About 160 works by famous artists including Donatello, Filippo Lippi, Botticelli, Verrocchio, Ghirlandaio, and Antonello da Messina are being showcased at New York’s Metropolitan Museum of Art. Titled “The Renaissance Portrait from Donatello to Bellini,” the exhibition will run until March 18. It is an unprecedented survey of the period, providing new insight into the early history of portraiture.
Divided into three sections, the exhibition showcases creations spanning eight decades.
Beginning in Florence, where independent portraits first appeared in abundance, it moves to the courts of Ferrara, Mantua, Bologna, Milan, Urbino, Naples, and papal Rome, before ending in Venice, where a tradition of portraiture asserted itself surprisingly late in the 15th century.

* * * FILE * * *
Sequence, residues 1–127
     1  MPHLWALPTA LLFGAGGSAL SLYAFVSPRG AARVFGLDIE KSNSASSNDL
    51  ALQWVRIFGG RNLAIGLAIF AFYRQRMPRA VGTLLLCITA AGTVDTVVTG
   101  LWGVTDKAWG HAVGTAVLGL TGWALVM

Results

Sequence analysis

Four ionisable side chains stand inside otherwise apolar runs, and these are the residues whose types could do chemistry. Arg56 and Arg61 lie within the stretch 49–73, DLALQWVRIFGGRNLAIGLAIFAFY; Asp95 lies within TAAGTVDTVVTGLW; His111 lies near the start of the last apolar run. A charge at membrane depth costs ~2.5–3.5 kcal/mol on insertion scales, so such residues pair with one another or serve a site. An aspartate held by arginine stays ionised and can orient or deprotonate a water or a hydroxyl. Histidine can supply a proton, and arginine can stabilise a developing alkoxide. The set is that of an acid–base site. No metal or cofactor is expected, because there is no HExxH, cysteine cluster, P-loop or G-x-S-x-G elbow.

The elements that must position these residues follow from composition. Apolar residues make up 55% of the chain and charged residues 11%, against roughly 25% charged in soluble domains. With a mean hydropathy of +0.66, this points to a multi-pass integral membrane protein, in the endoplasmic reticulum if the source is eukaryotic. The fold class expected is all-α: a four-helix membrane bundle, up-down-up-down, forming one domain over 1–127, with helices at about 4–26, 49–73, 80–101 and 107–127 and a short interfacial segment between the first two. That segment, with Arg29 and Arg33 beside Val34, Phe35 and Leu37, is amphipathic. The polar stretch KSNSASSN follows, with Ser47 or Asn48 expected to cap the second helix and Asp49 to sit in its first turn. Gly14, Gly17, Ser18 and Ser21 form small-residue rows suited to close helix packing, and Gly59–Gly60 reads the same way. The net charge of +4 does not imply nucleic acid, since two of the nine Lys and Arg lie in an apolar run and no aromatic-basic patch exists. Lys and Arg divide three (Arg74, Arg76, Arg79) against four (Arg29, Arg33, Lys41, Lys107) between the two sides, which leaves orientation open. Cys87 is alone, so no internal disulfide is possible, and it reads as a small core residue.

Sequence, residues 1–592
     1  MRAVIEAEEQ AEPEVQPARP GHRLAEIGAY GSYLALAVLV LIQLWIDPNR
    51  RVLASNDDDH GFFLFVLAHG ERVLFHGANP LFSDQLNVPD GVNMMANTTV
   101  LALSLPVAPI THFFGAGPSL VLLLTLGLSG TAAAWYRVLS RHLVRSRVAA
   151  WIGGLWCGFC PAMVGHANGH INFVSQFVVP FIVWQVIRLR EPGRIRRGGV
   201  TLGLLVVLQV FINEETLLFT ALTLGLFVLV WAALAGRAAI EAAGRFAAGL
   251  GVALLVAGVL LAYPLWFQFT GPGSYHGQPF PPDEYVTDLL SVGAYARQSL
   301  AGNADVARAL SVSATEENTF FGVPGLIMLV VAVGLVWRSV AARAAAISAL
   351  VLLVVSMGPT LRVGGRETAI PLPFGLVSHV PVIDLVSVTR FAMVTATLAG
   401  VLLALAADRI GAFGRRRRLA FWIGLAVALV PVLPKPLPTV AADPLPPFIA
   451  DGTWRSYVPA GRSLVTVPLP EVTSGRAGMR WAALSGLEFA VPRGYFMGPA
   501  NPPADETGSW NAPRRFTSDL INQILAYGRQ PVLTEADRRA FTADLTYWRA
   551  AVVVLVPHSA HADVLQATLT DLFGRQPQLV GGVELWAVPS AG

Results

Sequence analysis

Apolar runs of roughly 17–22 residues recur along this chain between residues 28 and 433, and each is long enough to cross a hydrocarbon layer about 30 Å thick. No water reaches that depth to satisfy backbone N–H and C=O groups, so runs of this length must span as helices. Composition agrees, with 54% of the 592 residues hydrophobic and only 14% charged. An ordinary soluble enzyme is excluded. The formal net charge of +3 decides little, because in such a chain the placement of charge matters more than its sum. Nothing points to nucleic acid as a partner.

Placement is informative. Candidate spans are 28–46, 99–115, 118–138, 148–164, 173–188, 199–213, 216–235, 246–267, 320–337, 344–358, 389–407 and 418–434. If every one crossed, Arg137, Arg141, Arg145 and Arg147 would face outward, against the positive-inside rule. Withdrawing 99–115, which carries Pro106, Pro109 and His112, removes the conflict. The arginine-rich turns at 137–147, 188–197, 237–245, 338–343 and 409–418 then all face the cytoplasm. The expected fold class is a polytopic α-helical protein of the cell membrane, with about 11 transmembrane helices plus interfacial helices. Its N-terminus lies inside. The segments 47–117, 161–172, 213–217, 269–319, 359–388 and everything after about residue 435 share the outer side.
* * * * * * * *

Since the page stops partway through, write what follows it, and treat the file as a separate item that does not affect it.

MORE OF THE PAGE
Portraiture has great significance in the art world, whether it was undertaken to record the features of a family member for future generations, celebrate a prince or warrior, extol the beauty of a woman, or make possible the exchange of a likeness among friends.
The rapid development of portraiture was linked closely to Renaissance society and politics, ideals of the individual, and concepts of beauty.
During the early Renaissance, artists working in Florence, Venice, and the courts of Italy created magnificent portraits of people around them. Ranging from painting and manuscript illumination to marble sculpture and bronze medals, the exhibition is a unique display of portraiture in the 15th-century Italy.